Author Archives: Scott H

A Grave View of US-Iran Relations

In some countries, mine included, today is remembered as “Veterans’ Day” or “Armistice Day.” Juan Cole sensibly wrote earlier today that “The most patriotic way to honor future veterans of foreign wars is not to create any unnecessarily.”
Fellow “Wahoo” and good friend Barin Kayaoglu, writing in the Turkish Weekly, goes a step deeper in considering the state of US-Iran nuclear negotiations.
Barin neatly anticipates the standard arguments from partisans on both sides, accusations of intransigence vs. bullying, terrorism vs. imperialism, then arguments over what to do, of all the reasons to be hard-headed, to fight the “necessary war.”
Barin trumps such verbal combat by considering the stakes from a very different vantage point, that of the grave. He takes us to the two sprawling national cemeteries of America and Iran, Arlington and Behesht-e Zahra. I’ve been to both; somber places where the two nations, where families, mourn their losses, the lives cut short. Barin concludes:

“The graves of fathers, mothers, brothers, and sisters at these places are somber reminders of the real price of war.
So before Iranian and American policy-makers make up their mind about the next step, it would be humane for them to spend some time at Behesht-e Zahra and Arlington. Nothing can bring back the dead. But there is no good reason to start another Middle East war that would create new ones.”

Well said Barin. Amen.

Iran’s Capital Idea

The BBC this morning carries a curious item about Iran moving its capital city away from Tehran. It’s not a particularly new idea, and a geo-physical argument exists to support such a dramatic change.
Yet recent political earthquakes may also be involved in the calculation. The article buys into the misleading, if all too common Western sense of Tehran being more “liberal” and politically restive than the rest of the country. Right-o…. Tell that to Tabrizis.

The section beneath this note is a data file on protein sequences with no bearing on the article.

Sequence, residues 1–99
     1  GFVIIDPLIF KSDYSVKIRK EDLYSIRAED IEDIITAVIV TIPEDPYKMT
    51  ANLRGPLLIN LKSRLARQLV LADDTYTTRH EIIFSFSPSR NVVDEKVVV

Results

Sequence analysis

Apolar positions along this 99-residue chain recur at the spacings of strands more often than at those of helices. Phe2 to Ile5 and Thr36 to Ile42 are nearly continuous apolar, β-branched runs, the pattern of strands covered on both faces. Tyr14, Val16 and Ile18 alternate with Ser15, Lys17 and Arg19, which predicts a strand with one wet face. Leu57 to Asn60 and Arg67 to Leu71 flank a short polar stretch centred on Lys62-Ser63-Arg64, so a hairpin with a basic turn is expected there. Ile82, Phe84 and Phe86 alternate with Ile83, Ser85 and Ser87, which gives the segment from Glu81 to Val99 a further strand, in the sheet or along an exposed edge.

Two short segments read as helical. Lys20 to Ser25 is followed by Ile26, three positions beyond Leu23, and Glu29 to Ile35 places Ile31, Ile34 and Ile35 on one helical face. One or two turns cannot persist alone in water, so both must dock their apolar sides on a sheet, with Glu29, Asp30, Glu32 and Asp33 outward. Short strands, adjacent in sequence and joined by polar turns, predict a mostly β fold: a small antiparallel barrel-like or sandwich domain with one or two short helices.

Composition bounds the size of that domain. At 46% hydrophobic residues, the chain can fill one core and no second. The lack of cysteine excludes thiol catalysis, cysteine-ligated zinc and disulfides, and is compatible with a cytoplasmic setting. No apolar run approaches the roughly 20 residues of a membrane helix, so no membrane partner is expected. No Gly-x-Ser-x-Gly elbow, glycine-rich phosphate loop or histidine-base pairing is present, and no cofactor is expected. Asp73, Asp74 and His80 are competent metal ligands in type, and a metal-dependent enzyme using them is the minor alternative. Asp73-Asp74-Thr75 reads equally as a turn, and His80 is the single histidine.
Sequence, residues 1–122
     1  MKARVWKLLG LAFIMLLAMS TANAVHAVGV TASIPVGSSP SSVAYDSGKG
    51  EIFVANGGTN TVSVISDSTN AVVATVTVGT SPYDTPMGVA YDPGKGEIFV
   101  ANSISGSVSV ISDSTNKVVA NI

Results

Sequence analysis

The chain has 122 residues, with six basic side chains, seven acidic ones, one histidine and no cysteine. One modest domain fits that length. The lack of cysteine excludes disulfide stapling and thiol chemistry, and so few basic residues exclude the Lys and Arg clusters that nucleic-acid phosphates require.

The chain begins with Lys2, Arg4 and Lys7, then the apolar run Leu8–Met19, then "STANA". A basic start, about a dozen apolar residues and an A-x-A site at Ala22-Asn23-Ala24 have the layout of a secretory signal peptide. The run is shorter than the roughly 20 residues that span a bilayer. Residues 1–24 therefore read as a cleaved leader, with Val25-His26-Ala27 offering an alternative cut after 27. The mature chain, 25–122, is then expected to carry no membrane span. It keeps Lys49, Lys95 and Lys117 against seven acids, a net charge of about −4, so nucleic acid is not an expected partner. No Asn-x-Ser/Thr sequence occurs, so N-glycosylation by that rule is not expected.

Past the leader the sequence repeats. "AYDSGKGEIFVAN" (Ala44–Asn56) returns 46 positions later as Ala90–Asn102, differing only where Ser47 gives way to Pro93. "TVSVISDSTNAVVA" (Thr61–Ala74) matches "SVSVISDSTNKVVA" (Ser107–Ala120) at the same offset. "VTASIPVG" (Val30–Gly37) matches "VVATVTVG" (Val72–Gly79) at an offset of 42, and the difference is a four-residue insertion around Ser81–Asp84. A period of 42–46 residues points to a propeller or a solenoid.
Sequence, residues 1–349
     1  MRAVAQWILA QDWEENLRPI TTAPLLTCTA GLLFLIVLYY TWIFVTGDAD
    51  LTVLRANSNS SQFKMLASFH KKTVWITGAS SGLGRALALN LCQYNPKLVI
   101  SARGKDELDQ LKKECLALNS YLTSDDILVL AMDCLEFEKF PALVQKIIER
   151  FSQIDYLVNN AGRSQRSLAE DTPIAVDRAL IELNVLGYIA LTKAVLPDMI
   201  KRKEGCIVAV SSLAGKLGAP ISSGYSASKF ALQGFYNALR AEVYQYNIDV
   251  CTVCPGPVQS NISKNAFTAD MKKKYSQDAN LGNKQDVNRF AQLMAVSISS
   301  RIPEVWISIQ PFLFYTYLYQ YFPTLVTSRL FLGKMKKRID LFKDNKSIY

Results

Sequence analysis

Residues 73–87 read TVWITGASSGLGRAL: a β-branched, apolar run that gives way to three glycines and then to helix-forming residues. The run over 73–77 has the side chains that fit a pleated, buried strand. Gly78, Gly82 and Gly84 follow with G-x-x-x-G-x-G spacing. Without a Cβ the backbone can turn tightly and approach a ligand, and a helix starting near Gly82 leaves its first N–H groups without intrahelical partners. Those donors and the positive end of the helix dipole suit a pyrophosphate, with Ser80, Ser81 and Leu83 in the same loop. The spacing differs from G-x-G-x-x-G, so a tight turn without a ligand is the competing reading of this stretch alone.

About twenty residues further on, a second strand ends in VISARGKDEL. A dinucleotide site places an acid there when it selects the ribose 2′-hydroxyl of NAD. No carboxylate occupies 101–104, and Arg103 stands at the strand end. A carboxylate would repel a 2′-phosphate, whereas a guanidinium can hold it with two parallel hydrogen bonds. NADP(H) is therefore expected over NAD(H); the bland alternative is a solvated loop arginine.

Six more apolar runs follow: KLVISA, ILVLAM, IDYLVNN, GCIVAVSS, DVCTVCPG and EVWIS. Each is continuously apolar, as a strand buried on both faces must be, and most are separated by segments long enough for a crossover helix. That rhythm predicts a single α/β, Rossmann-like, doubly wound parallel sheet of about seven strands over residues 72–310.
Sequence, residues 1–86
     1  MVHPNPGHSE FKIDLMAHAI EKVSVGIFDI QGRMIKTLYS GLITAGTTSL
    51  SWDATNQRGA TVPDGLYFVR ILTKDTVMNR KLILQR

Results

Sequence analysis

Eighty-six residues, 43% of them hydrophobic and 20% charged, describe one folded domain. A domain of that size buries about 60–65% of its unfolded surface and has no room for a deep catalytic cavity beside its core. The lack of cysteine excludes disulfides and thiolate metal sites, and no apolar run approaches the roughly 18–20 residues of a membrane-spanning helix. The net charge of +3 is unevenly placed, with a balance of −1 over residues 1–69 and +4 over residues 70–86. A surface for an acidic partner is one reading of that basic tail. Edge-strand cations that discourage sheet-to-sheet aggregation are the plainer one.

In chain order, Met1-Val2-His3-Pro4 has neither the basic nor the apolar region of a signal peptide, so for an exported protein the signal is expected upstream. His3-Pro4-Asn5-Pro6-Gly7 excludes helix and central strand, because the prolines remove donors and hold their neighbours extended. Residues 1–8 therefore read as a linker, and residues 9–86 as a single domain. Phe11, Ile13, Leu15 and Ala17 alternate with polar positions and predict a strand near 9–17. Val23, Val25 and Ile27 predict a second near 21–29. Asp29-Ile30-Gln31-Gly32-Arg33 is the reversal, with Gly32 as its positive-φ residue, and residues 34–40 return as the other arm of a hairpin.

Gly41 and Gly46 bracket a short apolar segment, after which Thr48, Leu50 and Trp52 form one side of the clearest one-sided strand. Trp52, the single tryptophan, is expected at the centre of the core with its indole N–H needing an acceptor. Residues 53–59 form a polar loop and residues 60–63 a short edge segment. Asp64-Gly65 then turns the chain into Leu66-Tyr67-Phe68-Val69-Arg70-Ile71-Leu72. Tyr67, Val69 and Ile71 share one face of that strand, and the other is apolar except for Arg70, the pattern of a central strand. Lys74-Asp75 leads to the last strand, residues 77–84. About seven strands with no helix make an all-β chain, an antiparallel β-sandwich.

In any case, maybe now we know the “real reason” why urban planners are such hot potatoes inside Iran. Hey, maybe this news could provide a “constructive” pathway to free Kian Tajbakhsh — to help with this whopper of an urban planning project.

MTV-U’s Poet Laureate: Simin Behbahani

MTV (Music Television) “University” has selected Simin Behbahani, “the poet who never sold her soul or her pen,” to be its second poet laureate.
For a visually challenged 82-years-young Iranian, how cool is that?
Beginning Monday, Nov. 2nd Behbahani’s poems will be featured on MTV-U in a series of 19 short films.
Why would MTV do this? Is it political? In the The Wall Street Journal, MTV senior Vice President Ross Martin explains:

“Her poems speak to us because they are from a part of the world that is front of mind and confusing… We know there’s a groundswell on U.S. campuses advocating freedom and an end to oppression in Iran. mtvU has a responsibility to hear that cry and respond to it.”

Amid Iran’s post election tumult, millions around the world heard Behbahani’s timeless lament at the death of Neda Soltani:

You are neither dead, nor will you die
You will always remain alive
You have an eternal existence
You are the voice of the people of Iran

Yet it is Behbahani, the reputed “Lioness of Iran,” who will now re-introduce millions of the world’s youth to Iran, through the medium of rock ‘n roll, music television, in her universal voice.
When Iran’s President Ahmadinejad dismissed those who protested the election’s legitimacy as mere “dirt,” Behbahani hurled the insult back, with the pen:

If the flames of anger rise any higher in this land
Your name on your tombstone will be covered with dirt

Yet MTV’s featuring of Behbahani should not be interpreted as adding to the cacaphony of voices pining for more invasions, war, sanctions, bloodshed. Nearly 30 years ago, Behbahani wrote of her horror in seeing a martial fever for war arise in her students then:

Oh, the child of today
If war is what you want
I am the child of yesterday
To me, war is shameful


MTV’s Ross Martin further explains the choice of Behbahani on his own blog,

“Behbahani’s poetry champions women’s rights and acts as a voice of peace and freedom during a time of political and social upheaval. Twice, she has been nominated for the Nobel Prize in Poetry. Her poems illuminate not only the struggle of Iran but also the extreme beauty of the land, its people, and its history.”

Martin also notes how none of this would have been possible were it not for the literary skills and devotion of Professor Farzaneh Milani. Her translations bring Behbahani’s “iconic” poems to life in English. If Behbahani is Iran’s national poet, Milani has rendered her the world’s.

To stay alive, you must slay silence,
to pay homage to being, you must sing….

Khomeini guardian’s jarring question

Iran’s ongoing internal “chess match,” the intense controversy over Iran’s presidential elections and the aftermath, is not only “not over,” it’s getting profoundly interesting. The charges & counter-charges continue to fly, with both sides dredging up extraordinary heavyweights, figuratively and literally, to their cause. A few mind-boggling examples: